Levels of liver fat biomarker tied to metabolic benefits of exercise

Reuters Health Information: Levels of liver fat biomarker tied to metabolic benefits of exercise

Levels of liver fat biomarker tied to metabolic benefits of exercise

Last Updated: 2019-06-11

By Marilynn Larkin

NEW YORK (Reuters Health) - High blood levels of the fatty liver disease biomarker dimethylguanidino valeric acid (DMGV) may identify individuals who are less apt to benefit from endurance exercise training, researchers says.

"We were interested in studying DMGV based on prior work by our group that showed that this molecule was a marker of liver fat and that circulating levels were associated with the development of diabetes mellitus over 12 years prior to disease onset," Dr. Robert Gerszten of Beth Israel Deaconess Medical Center in Boston told Reuters Health by email. "We were particularly fascinated by the fact that people who underwent weight loss surgery had decreases in DMGV, and so we wanted to see whether a much more readily available health intervention - exercise - could modulate its levels."

"We found that blood levels of DMGV were associated with unfavorable cholesterol levels, higher levels of visceral fat, and abnormal regulation of insulin and glucose in a group of people with normal weight and without cardiovascular problems," he said.

"While people from this study were able to decrease their levels of this chemical after exercise training, individuals with higher levels of DMGV prior to exercising experienced lesser benefits in terms of their good cholesterol levels and insulin sensitivity after participating in this exercise study," he said. "This finding supports the notion that individuals respond differently to exercise."

Dr. Gerszten and colleagues analyzed plasma samples collected before and after exercise training from participants in the the Health, Risk Factors, Exercise Training, and Genetics (HERITAGE) Family Study, a 20-week, single-arm endurance exercise clinical trial performed in multiple centers between 1993 and 1997.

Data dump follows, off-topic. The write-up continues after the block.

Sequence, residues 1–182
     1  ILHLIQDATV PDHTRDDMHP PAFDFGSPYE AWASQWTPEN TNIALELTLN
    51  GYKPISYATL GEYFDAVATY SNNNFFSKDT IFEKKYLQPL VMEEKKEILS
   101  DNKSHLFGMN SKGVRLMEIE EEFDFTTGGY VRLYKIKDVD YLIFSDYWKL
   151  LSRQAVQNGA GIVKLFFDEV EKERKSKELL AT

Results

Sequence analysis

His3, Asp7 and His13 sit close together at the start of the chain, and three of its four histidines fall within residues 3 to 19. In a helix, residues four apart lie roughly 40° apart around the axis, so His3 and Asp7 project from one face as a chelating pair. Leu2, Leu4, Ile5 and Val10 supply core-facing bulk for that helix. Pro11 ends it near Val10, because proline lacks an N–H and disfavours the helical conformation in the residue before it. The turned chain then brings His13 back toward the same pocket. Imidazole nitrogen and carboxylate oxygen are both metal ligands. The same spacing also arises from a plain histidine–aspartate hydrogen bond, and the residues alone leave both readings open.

As reported online June 5 in JAMA Cardiology, participants' mean age was 36, 52% were women, all were white, and the median body mass index was 25.

After adjustment for age and sex, baseline levels of DMGV were positively associated with body fat percentage, abdominal visceral fat, very low-density lipoprotein cholesterol, and triglycerides. By contrast, the levels were inversely associated with insulin sensitivity, low-density lipoprotein cholesterol levels, high-density lipoprotein size, and high-density lipoprotein cholesterol levels.

After further adjustment for baseline traits, baseline DMGV levels after exercise training were positively associated with changes in small high-density lipoprotein particles and inversely associated with changes in medium and total high-density lipoprotein particles, apolipoprotein, and insulin sensitivity.

The authors conclude that DMGV "is an early marker of cardiometabolic dysfunction that is associated with attenuated improvements in lipid traits and insulin sensitivity after exercise training," and might be used to identify individuals less responsive to the health benefits of endurance training.

"Our study raises questions about the role that this molecule plays in cholesterol and fat metabolism," Dr. Gerszten said. "To answer these questions, we have to study its mechanistic role in cells and animal models. That work is already underway in our lab."

"The next steps are expanding the populations (beyond white) that we study, (using) different exercise modalities - e.g., resistance training - and expanding this line of research to additional technologies such as genetics and protein profiling," he concluded.

Dr. Sean Heffron, a cardiologist and assistant professor of medicine at NYU Langone Health in New York City, commented by email, "This marker appears to be associated with early cardiometabolic disease as measured by a number of glucose homeostasis and lipid measures. Changes in serum lipoprotein characteristics with exercise training also appear to be related to pre-training levels of DMGV."

"However, the clinical relevance of the lipoprotein changes - predominantly related to HDL - that the investigators measure are far from clear," he told Reuters Health. "Additionally, there is no evidence that DMGV is at all causative in changes associated with exercise. It may turn out to be, but all data to this point are completely correlative."

"Identifying individuals at risk for cardiometabolic disease as early as possible is a very important goal," he acknowledged. "However, whether DMGV is appropriate for this will require validation in far more people."

SOURCE: http://bit.ly/2WZJhT9

JAMA Cardiol 2019.

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